Paying a visit

Over the last few weeks, I decided to visit high school teachers individually to find out their candid opinions regarding two current issues in our school: how they felt about flex block and how it should be used, and how the late work policy was working for them.

Flex block is a one hour block on Friday afternoon where students can participate in an activity they choose from a list of offerings. Often assemblies, special guest speakers or sports events take precedence over flex block, and it is cancelled.

We do not penalize students’ grades for late submission of work. Instead, they have to send an email home to state that they have missed a deadline, and after 5 days they lose credit for that piece of work. This has led to an increase in late work, and the

But, as it turned out, this act of visiting every teacher, and having a 10 to 20 minute conversation not only made the issues clear, and gave me a solid path forwards, but provided so much value on several levels that I can see that I should try to do this as much as possible.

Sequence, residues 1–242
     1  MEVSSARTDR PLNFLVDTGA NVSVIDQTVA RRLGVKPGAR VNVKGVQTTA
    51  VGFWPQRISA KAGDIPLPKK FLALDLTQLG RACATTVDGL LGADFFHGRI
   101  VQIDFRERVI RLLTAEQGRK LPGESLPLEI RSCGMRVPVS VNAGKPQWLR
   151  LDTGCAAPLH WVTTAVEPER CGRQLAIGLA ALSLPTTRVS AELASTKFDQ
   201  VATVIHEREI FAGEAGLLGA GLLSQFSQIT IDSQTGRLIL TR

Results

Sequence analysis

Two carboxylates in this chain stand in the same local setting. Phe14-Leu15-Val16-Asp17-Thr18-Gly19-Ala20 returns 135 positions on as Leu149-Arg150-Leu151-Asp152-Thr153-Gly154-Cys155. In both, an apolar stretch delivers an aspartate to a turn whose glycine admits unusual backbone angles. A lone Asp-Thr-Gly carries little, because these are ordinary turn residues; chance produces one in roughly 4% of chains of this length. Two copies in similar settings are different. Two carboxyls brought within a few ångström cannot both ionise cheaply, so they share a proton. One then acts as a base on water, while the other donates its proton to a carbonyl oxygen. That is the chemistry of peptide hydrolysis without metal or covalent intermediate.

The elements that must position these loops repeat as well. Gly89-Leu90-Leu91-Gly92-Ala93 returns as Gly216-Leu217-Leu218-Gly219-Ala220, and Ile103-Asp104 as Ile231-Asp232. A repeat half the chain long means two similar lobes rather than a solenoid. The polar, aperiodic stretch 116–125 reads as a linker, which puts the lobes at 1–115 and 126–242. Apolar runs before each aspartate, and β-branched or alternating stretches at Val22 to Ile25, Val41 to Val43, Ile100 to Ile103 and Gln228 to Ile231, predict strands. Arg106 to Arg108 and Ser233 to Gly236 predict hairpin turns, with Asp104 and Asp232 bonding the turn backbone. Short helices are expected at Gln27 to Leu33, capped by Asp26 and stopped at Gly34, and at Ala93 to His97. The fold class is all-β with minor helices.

Through these visits it became clear to me that:

  • face to face, and one on one conversations have so much more power than a faculty meeting discussion, and obviously, email communications
  • holding a conversation with a teacher in their classroom is much more comfortable psychologically than in my office and I also had the opportunity to experience their classroom environment
  • teachers will buy into ideas if they feel like they have been heard
  • by just listening, and letting teachers talk, they feel valued  **and ** they have some fantastic ideas, such as
  • there is no “one size fits all” consequence for some issues. One teacher suggested that several kids need a mentor, with whom they should meet for 30 mins per week
  • lastly, I can learn so much from these visits: from teachers’ wisdom and insight, about what makes each of them “tick”, and I can gain a deeper insight into the school.

So, my vow is to continue this practice. Now the question is how often. I think I should set a professional goal for next year based on this.

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About eadurkin

Originally a HS Mathematics teacher from New Zealand, currently working as Associate Principal in the Secondary School at Canadian Academy, an international school in Kobe, Japan. Married with two children.
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